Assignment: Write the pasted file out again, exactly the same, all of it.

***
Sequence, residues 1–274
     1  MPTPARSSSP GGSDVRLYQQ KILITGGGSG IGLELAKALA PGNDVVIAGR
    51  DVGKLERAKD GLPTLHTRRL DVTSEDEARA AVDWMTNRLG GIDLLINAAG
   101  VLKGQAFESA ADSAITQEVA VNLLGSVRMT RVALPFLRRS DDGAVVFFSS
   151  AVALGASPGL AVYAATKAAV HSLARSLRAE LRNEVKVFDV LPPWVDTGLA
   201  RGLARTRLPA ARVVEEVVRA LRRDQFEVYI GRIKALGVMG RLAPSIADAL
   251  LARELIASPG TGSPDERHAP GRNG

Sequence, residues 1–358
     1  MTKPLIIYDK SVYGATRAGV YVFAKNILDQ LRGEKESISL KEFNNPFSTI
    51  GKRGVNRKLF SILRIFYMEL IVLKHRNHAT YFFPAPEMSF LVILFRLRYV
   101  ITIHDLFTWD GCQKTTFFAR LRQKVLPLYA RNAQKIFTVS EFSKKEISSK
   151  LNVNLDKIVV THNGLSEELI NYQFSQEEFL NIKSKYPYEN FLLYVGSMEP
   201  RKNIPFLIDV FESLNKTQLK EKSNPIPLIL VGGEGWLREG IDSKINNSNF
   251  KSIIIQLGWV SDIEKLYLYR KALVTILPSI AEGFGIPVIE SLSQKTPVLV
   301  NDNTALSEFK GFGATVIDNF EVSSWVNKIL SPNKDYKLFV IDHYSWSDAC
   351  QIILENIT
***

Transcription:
Sequence, residues 1–274
     1  MPTPARSSSP GGSDVRLYQQ KILITGGGSG IGLELAKALA PGNDVVIAGR
    51  DVGKLERAKD GLPTLHTRRL DVTSEDEARA AVDWMTNRLG GIDLLINAAG
   101  VLKGQAFESA ADSAITQEVA VNLLGSVRMT RVALPFLRRS DDGAVVFFSS
   151  AVALGASPGL AVYAATKAAV HSLARSLRAE LRNEVKVFDV LPPWVDTGLA
   201  RGLARTRLPA ARVVEEVVRA LRRDQFEVYI GRIKALGVMG RLAPSIADAL
   251  LARELIASPG TGSPDERHAP GRNG

Sequence, residues 1–358
     1  MTKPLIIYDK SVYGATRAGV YVFAKNILDQ LRGEKESISL KEFNNPFSTI
    51  GKRGVNRKLF SILRIFYMEL IVLKHRNHAT YFFPAPEMSF LVILFRLRYV
   101  ITIHDLFTWD GCQKTTFFAR LRQKVLPLYA RNAQKIFTVS EFSKKEISSK
   151  LNVNLDKIVV THNGLSEELI NYQFSQEEFL NIKSKYPYEN FLLYVGSMEP
   201  RKNIPFLIDV FESLNKTQLK EKSNPIPLIL VGGEGWLREG IDSKINNSNF
   251  KSIIIQLGWV SDIEKLYLYR KALVTILPSI AEGFGIPVIE SLSQKTPVLV
   301  NDNTALSEFK GFGATVIDNF EVSSWVNKIL SPNKDYKLFV IDHYSWSDAC
   351  QIILENIT